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Grant opportunity aims to support Black communities



Indianapolis, Indiana – $100,000 grant through the African American Legacy Fund of Indianapolis, a donor-advised fund of the Central Indiana Community Foundation for supporting wealth creation and preservation in Black communities.

“The goal is really to empower Black institutions to be a solution within our community,” said Marshawn Wolley, grants director.

The grant is open to Black-led, governed, and focused 501(c)3 organizations, who are looking to address wealth-building and preservation activities in Black neighborhoods, like Martindale-Brightwood and Riverside for example. “Wealth preservation involves looking at homes and housing. What we’re trying to do is basically keep people in their homes, or get people into their homes, in particularly in areas that might be gentrifying,” he said. “That’s going to look like home ownership repair, maybe paying taxes, or even to get people into those neighborhoods, down payment assistance.”

“On the homeownership strategy, what we’re really trying to do is engage Black neighborhoods,” he said. “Martindale-Brightwood, for example, they have a high homeownership rate there, but we also can appreciate that maybe there could be a desire to do home ownership repair, things of that nature.”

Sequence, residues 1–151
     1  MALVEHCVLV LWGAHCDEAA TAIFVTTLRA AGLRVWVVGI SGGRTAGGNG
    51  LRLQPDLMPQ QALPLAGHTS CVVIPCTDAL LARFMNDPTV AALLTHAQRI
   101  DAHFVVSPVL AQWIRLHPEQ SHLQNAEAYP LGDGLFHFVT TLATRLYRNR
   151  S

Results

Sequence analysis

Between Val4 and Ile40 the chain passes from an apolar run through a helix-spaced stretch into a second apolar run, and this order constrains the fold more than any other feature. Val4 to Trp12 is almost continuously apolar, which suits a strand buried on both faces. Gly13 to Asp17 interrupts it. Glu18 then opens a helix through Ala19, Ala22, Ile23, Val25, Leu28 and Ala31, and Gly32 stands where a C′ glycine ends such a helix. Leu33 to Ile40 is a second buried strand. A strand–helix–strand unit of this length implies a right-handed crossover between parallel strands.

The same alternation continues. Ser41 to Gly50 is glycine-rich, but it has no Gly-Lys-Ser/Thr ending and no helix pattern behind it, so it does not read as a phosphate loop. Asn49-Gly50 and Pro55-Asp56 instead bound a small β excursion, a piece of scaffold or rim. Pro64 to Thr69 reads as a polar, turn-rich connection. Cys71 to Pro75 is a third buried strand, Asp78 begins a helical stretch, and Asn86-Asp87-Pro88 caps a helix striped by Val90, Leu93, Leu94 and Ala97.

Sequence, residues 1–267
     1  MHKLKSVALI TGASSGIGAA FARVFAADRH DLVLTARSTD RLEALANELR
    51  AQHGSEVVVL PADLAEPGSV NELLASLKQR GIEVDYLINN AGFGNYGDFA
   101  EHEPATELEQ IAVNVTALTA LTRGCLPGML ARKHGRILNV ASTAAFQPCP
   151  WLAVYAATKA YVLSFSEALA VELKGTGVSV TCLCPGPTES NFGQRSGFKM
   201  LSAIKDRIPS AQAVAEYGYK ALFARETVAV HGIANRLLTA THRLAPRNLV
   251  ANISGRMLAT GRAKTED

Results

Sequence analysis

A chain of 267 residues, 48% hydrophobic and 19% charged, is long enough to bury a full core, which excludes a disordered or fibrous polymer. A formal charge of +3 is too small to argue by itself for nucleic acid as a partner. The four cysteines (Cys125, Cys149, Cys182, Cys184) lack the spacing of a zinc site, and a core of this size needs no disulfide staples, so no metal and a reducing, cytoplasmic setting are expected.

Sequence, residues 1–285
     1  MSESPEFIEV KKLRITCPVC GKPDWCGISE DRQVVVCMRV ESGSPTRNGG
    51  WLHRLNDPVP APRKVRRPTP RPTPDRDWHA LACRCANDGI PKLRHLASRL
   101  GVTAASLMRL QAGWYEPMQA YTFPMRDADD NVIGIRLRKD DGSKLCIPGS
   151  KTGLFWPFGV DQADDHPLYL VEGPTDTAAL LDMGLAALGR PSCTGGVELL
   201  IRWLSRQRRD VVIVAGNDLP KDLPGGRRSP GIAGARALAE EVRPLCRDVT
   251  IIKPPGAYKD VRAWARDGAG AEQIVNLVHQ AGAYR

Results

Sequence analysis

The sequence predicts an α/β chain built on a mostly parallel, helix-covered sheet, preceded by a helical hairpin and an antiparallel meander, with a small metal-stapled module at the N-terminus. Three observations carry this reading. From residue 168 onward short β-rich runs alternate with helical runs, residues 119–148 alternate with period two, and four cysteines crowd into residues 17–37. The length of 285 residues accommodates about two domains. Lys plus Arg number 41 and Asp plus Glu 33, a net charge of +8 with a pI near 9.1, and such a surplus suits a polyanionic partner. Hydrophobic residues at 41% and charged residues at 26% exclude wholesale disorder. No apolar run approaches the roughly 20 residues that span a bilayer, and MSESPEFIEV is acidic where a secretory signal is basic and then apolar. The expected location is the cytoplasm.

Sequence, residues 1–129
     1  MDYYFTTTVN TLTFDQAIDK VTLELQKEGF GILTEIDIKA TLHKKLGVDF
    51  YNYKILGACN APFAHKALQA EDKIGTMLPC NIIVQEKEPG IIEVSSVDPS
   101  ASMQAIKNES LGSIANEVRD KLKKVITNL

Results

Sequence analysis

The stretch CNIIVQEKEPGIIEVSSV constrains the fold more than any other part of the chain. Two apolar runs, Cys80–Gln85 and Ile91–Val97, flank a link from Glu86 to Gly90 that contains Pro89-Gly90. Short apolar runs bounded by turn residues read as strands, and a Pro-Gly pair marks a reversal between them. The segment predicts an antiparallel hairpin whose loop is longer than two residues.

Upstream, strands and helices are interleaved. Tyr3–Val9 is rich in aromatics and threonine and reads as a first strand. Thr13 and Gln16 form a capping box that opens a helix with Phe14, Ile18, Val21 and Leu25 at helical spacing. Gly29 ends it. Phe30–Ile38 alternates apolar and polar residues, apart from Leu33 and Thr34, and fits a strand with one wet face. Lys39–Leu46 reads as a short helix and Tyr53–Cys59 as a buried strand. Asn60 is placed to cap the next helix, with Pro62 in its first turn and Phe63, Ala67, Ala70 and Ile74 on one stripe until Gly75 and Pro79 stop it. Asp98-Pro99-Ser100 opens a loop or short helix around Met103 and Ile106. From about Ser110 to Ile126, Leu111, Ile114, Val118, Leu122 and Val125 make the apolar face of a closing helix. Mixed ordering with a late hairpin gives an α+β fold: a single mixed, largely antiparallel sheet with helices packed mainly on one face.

“With Riverside area, we’re certainly seeing a lot of development, which is always good,” he said. “You always want to see development in communities, but you never want to see the displacement, which is what people really think about with respect to gentrification.”

According to Wolley, the goal is to help provide resources and support for Black homeowners as these communities continue to grow and evolve.

Another element of the grant is looking to address financial literacy or wealth creation. “On the wealth creation side, we’re looking at someone that can help us with individual development accounts, and we’re really focused on 7th and 8th graders,” said Wolley. “We want to do financial literacy and really focus on a two-generation approach with both the young person and the family, basically fund an account that they have decisions they can make when they’re 18, maybe go to college, maybe start a business, so that they can be empowered.”

Per AALFI, applicants for the grant must present a proposal that includes a project narrative describing the approach to the following:

• Developing community input on the program
• An outreach plan including potential grassroots partners
• Identification and administrative costs for the program
• Key staff that would administer the program or strategy
• Data collection and reporting strategy

“We’re also trying to make sure that these organizations really have the capacity to deliver, particularly on the data side, on just making sure that the program is effective,” Wolley said. “We want to understand if this works. If it works, great. If it doesn’t work, we want to understand that too, but the real goal is to try and have some impact.”

The deadline is October 15.


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